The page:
Te Pūrongo ā-Tau Annual ReportTe Pūrongo ā-Tau Annual Report

Experience Wellington Annual Report 2020/21

capital e

Tamariki thrive with whānau-focused events

In March, Capital E celebrated Children’s Day with a festival on Queens Wharf. Capital E’s Digital, LIVE, and Public Programmes teams came together to produce an incredibly varied and vibrant day of activities.  Local drag king Hugo Grrrl emceed the day of performances for and by children. The line-up featured StarJam, Virtuoso Strings, Kozo Kaos, and highlights from our National Theatre for Children production Seasons. Off-stage, tamariki constructed Bloom sculptures, contributed to the Coolest Little Time Capsule, and experimented in OnTV. PlayHQ saw 716 visitors during the festival, marking the highest number of visits since moving to Queens Wharf. The festival was a huge success with approximately 3,000 joining the Children’s Day celebration.

museums wellington

We Collect Wellington

From Steven Adams’ size 18 basketball boots, to a fire-starter coffee roaster, the last financial year signalled a turning point in the collecting practices of Museums Wellington. After several years of planning, the collections team shifted into a programme of contemporary collecting focussed on the region’s cultural identity.

Casting back to the gritty Cuba Street scene of the 1980s, Museums Wellington acquired a significant donation by Claire Croskery, founder of Anatomy Clothing Company (1986 – 1993) and a pair of pants belonging to Head Like a Hole lead singer Nigel ‘Booga’ Beazley. Another Cuba Street highlight is Havana’s first coffee roaster—the prototype Voltair No.1 - notoriously combustible and responsible for almost burning down the Midnight Espresso building in 1990.

In addition to these uniquely Wellington items, the Museum collections continue to inspire visitors with a range of displays that celebrate the region’s colourful past, including our maritime history.

city gallery wellington

State of the Art

City Gallery Wellington feels incredibly fortunate to have brought world-renowned contemporary art to our capital city in a time of travel restrictions. During the last financial year, 88,885 people visited the gallery, this figure far exceeds the COVID-adjusted target for the year (56,200). Visitors experienced provocative and emotive exhibitions including A Place Apart, Marianna Simnett: CREATURE and Every Artist with the pandemic making itself felt.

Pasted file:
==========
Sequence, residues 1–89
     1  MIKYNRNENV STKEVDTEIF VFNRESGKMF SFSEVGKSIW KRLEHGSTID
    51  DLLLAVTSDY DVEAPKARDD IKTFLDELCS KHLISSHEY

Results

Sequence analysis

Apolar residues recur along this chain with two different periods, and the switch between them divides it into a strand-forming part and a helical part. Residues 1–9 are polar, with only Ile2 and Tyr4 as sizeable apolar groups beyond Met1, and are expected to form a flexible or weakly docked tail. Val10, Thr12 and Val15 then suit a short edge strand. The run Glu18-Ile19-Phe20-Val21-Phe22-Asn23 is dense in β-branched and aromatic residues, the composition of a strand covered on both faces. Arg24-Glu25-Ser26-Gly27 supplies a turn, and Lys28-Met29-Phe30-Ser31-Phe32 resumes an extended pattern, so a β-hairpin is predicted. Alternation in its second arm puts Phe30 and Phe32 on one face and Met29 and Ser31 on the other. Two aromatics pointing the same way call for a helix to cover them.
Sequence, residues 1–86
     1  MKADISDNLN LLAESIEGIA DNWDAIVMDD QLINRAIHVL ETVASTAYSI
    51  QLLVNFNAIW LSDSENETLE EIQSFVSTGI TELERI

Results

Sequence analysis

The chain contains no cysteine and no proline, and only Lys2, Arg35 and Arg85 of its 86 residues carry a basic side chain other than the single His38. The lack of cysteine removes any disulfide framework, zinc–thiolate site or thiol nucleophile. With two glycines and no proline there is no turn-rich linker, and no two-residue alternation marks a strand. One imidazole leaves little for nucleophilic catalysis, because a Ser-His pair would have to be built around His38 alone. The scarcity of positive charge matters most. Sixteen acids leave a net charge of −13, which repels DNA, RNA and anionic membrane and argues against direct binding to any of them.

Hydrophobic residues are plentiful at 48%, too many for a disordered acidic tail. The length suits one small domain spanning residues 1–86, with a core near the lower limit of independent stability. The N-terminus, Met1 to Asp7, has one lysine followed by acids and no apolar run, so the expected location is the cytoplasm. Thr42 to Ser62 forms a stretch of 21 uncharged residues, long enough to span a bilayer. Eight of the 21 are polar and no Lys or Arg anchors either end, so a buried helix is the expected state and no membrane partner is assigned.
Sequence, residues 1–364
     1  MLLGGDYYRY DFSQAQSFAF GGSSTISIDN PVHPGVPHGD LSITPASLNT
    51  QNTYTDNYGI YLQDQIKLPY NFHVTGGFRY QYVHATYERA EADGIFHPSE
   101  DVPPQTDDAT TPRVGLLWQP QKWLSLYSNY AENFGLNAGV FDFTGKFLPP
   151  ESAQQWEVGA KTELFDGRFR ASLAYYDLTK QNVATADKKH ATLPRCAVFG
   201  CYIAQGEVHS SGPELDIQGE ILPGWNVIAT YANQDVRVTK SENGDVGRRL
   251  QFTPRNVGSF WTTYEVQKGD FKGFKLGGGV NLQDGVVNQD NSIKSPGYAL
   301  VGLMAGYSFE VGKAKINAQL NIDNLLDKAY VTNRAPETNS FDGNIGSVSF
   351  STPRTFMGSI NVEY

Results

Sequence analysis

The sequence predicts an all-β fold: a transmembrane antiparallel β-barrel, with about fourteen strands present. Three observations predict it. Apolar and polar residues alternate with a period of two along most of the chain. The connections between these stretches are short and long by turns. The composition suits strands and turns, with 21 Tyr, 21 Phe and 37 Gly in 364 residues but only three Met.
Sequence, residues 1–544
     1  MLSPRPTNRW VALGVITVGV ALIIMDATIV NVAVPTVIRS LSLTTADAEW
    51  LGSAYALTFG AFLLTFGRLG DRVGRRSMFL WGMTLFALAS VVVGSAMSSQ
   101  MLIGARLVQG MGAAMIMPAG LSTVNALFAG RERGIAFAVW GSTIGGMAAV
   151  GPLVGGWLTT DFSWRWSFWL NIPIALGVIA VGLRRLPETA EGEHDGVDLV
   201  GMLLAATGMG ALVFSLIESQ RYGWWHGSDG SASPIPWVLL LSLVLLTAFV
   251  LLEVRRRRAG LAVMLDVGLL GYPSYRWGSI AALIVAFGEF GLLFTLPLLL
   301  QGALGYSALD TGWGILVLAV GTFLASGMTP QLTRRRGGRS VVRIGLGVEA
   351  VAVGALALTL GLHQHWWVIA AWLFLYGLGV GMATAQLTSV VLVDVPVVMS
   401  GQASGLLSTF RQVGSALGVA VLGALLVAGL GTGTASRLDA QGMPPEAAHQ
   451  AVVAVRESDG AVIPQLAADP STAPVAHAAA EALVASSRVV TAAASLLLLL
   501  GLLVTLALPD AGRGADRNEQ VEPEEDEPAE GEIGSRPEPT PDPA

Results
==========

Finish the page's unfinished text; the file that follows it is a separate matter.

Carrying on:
Simon Ingram Stonewall Alp Cliff 2019, and Beyond Range Stonewall Alp Cliff 2020.
our purpose

Working together with and for Wellington to
create remarkable experiences, generating vitality, strengthening
the city we love.

Christian Thompson Loom Aura 2 2018 in Oracles, City Gallery Wellington, 2020

Engaging with our Visitors

We are proud of our achievements throughout this last year and the ongoing scale and growth of programmes and audiences reached.

Total Visitors

155% of target achieved

Social Media Followers

106% of target achieved

Revenue

We are proud of the huge efforts by our teams to ensure that our sites operated safely throughout the COVID pandemic alert level changes and that, despite financial challenges,
we were able to deliver a rich and diverse array of local content to audiences.

Total Revenue

Non-Council Revenue

Building our Cultural
and Sustainable Capabilities 

We are embracing te ao Māori, reducing our impact on the environment and delivering quality experiences for our local audiences. 

Navigators behind the scenes
Inside City Gallery Wellington
Visitors at City Gallery Wellington
Tukutuku panel and hei paraoa artwork in Wellington Museum

Download the PDF

Experience Wellington Annual Report

2020/21

Interactive PDF

Download

Archive

Download our previous annual reports below.

2019/20

Download

2018/19

Download

2017/18

Download